Statscan says cellphone prices are plunging – and they are

The Globe and Mail ran a story today that confused cellphone prices with mobile bills.

Prices aren’t the same as bills. I first wrote about that precisely 9 years ago.

The print edition headline was “Statscan figures on falling phone bills clash with other data”. The online headline was “Statscan says cellphone bills are plunging – the truth is more complicated”.

The story lede reads, “As households struggle with the largest bout of inflation in four decades, Statistics Canada says consumers are getting some relief from what is often a source of frustration: cellphone bills.”

The problem? Statistics Canada doesn’t say “cellphone bills are plunging”. The story is about the mobile services component of the consumer price index (CPI), not your cellphone bill. There is an important distinction. Consumers’ total monthly bills are measured in a different Statistics Canada report, the Survey of Household Spending, which is conducted annually (at best).

But, aren’t bills the same as prices? No, they aren’t.

Let’s say you are looking at renting an apartment. A building has a 1000 square foot 1-bedroom unit on the fourth floor available for $1500 per month, and the building has a 2 bedroom penthouse unit on the 30th floor with 360 degree views of the city for $2500 per month. You choose the 1-bedroom. A year later, the landlord has started including bundling heat into the rent, and you learn that the penthouse is now available for $2000 per month. You decide to upgrade. Your monthly rent bill went up but prices clearly came down.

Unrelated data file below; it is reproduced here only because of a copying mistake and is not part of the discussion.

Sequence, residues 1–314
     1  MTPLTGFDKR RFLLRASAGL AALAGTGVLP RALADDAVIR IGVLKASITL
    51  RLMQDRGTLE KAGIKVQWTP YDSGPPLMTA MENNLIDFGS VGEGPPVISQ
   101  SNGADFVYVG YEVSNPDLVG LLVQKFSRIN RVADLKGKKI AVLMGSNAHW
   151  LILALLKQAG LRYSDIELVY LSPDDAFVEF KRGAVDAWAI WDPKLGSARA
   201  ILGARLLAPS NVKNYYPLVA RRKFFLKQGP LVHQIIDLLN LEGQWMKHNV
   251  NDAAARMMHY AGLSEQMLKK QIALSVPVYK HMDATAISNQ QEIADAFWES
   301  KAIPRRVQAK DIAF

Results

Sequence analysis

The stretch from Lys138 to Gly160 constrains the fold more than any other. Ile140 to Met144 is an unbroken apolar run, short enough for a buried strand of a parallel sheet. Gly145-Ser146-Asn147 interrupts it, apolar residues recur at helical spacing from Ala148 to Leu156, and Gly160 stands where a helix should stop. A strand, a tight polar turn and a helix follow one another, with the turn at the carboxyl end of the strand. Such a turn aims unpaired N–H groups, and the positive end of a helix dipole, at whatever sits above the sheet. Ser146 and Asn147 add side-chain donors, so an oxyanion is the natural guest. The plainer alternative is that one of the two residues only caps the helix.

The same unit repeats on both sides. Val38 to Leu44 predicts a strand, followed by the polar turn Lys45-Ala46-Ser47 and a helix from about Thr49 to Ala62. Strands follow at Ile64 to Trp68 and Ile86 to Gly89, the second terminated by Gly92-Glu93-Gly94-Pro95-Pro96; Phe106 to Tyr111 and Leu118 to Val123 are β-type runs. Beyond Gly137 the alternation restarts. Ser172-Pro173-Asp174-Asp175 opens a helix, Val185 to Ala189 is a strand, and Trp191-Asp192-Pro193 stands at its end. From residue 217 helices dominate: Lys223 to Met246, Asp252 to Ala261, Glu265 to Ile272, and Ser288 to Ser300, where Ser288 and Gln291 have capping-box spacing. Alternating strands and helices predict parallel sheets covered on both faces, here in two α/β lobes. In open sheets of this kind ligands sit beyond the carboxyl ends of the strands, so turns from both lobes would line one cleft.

In the mobile world, there are lots of elements that make up the total bill. Do you have limited or unlimited calling? Nationwide or regional? US calling? Reduced international calling? How much full speed data is included? Do you have limits on text or multi-media messaging? What voice mail features do you have? Those kinds of factors are described in the Globe and Mail article as quality adjustments.

The apartment case is obviously a hypothetical, since rents in Canada have been going up. Indeed, one of the only components of the CPI that has been showing regular decreases has been the Communications Services component, especially the mobile services sub-component (as I wrote about last month here and here).

The Globe story quotes National Bank Financial analyst Adam Shine saying “All or nearly every Canadian could have found a better-priced plan in 2023”.

Personally, I have talked with my carrier twice in the past 12 months to discuss my own mobile plans. I cut my monthly plan price by 43%, and I now get more than 5 times the data and cross-border roaming. I helped a close friend lower her bills more modestly just before taking a week-long vacation to the US. She had 3 lines with 10-32GB of data; now they share 450GB and they have US and Mexico borderless service. Per line she is now paying 10% less. They migrated from a flanker onto the main brand. And, they are getting far more for less money, while incurring no roaming fees on their vacation this week.

“Statscan says cellphone prices are plunging – and they are.” There, I fixed the Globe’s headline

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